5 Takeaways From Michael Dell and Elon Musk's Power Pow-Wow
I recently attended Dell World 2013 along with some of the world's leading tech and business press, CMOs, CIOs and analysts. I think I was inadvertently invited -- perhaps part of a clandestine plan to convert next-gen entrepreneurs into Dell fanatics -- but jumped at the chance to engage in conversations with some of the best and brightest. Needless to say, I was blown away.
From that experience, where arguably two of technology's greatest (if not controversial) entrepreneurs shot the breeze with Techonomy's David Kirkpatrick in front of thousands of people, came five major insights for aspiring and established entrepreneurs:
Talented teams of people ultimately solve problems. It's easy to get our panties (or briefs) in a bunch about the amazing things technology can do for society and culture. True, technology has democratized certain aspects of business and broken down barriers for young entrepreneurs, but it's still about the people.
"Tech solves computational problems, but just having technology doesn't solve problems," Dell said. "You need cultures and governments and institutional support. And this requires people to apply critical thinking and creativity."
When asked how he got to where he is today, Musk was swift in his reply: "I've enlisted very talented people."
The takeaway: If you want to succeed, find people who understand your vision and have the skills to make the tech work. And fire bad apples fast.
Innovation happens by continually asking: "Why not innovate?" One of the more interesting moments of the conversation came when Kirkpatrick posed this question to Musk: "Do you ever look at other people and think they should just try harder?"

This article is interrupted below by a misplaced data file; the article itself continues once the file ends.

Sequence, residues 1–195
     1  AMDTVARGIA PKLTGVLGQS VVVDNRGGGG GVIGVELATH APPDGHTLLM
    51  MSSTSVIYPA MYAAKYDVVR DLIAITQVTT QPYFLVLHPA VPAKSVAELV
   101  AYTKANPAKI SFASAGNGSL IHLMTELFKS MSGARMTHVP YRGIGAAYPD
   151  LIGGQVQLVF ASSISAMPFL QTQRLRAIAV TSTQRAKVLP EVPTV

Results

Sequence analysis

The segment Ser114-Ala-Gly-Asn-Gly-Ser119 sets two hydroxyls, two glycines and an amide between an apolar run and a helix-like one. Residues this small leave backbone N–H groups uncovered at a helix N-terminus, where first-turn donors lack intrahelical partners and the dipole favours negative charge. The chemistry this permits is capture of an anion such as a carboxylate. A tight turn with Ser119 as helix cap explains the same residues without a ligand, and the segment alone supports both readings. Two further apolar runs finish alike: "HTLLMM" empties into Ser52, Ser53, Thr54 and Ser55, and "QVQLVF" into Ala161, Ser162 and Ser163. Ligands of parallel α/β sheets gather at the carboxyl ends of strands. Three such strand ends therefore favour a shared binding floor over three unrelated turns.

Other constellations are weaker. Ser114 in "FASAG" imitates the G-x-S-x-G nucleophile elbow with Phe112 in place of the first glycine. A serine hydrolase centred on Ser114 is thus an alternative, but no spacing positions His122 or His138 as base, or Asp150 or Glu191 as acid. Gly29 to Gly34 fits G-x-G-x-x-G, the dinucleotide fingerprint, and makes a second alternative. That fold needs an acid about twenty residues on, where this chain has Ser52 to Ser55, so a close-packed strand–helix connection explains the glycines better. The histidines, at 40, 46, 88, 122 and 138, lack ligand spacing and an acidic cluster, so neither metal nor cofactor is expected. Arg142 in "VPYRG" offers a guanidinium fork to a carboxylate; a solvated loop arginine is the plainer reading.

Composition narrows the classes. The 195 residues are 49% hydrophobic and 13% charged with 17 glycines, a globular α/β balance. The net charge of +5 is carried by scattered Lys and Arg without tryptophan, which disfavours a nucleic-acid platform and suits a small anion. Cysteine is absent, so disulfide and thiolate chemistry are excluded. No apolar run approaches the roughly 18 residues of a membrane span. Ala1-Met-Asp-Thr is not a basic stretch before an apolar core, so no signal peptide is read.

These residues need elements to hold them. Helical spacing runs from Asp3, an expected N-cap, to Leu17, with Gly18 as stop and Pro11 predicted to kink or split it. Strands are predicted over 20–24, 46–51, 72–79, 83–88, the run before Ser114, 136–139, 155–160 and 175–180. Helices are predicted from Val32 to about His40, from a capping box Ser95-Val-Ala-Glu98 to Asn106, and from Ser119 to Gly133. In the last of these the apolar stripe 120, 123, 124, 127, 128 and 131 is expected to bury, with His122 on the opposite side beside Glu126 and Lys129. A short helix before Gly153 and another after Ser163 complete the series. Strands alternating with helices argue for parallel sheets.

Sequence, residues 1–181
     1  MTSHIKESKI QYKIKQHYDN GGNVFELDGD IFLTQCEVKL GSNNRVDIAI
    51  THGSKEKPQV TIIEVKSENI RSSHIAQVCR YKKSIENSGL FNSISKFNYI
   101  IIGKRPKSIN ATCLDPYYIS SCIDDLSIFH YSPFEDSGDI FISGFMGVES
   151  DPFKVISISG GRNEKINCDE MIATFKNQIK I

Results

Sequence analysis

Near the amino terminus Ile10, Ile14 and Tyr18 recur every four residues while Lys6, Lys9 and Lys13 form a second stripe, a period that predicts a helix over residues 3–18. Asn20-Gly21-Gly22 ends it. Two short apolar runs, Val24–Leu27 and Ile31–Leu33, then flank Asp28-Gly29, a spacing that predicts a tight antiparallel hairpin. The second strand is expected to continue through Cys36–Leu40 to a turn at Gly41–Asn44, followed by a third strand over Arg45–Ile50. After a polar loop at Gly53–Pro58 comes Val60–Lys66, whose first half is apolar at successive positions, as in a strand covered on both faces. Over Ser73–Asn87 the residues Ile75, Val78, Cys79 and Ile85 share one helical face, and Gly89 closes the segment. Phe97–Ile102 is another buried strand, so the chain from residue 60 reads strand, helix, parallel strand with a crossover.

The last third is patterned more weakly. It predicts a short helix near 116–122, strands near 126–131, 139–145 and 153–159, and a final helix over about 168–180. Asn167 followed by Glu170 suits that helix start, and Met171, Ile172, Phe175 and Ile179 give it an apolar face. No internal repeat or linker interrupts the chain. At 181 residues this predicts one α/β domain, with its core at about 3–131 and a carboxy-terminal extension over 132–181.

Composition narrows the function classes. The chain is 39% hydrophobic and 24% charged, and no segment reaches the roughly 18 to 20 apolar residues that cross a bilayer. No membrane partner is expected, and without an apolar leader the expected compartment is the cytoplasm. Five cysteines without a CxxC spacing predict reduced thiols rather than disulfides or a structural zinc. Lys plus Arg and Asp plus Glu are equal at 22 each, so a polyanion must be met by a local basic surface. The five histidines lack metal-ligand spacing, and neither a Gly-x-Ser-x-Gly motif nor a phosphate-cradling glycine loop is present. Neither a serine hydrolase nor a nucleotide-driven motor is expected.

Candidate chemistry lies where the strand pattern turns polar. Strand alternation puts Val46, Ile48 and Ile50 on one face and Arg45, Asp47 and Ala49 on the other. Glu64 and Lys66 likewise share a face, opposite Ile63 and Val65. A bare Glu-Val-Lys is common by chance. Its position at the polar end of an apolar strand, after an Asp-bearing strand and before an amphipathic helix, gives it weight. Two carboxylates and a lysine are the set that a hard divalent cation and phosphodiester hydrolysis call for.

His response: "Umm, yeah. I think people are very self limiting. It takes a lot of mental energy to innovate. Entrepreneurs wake up and ask: Why not innovate?"
Dell, for his part, is touting the privatization of his company as the opportunity of a lifetime where they can now operate like the world's biggest startup. And a startup's only mandate is to innovate.
Delight and engage your customers. The downfall of extreme intelligence (I will refrain from saying "ego") and gusto in entrepreneurs is often this: They forget that they can't build or sell anything without an engaged customer.
Although their approaches and industries are quite different -- Musk builds luxury/otherworldly machines, while Dell's prerogative is to provide end-to-end technology solutions (infrastructure) for businesses such as Tesla and StartX, there is one outstanding thing they agree on: The customer is central to everything. Everything.
"People buy things that make them happy," Musk said. "If you can create a product that delights a customer, you've won."
Dell added, "We ignite engagement through our content, this inspires our teams and our engineers. We have an ongoing dialogue with our customers."
Failure isn't an option. True, small failures can fuel innovation and provide learning opportunities for entrepreneurs, but epic failure is simply not an option.
When Tesla was having financial problems in 2008 and essentially standing on the brink of "failure," Musk rallied, invested all of his own money and borrowed money from friends to cover his living expenses. He asserts that, because he put everything on the line, others were willing to invest. In his words, once the funding was secured, he "innovated to avoid death."
Do I even need to mention Dell here? His public showdown with the privatization of his company speaks for itself.
Take the long-term view. Perhaps my favorite insight about entrepreneurship came from Dell, an individual who launched a company from his college dorm room nearly three decades ago.
"It is the affliction of today's society to take the short-term view," he said. "I appreciate what people like Elon are doing. He's taking huge risks, knowing his vision will take years to realize.
"For us, we are looking to provide infrastructure for the next billion people to rise out of poverty, while continuing to support small businesses and entrepreneurs as well as enterprise."
He's right, innovation often takes years, if not decades, to materialize -- and big wins require big risks.
So if you are an aspiring or established entrepreneur, keep these extraordinary insights in mind as you build, iterate, fail, innovate, engage and anything else required to put your "ding" in the universe.
The world is waiting.
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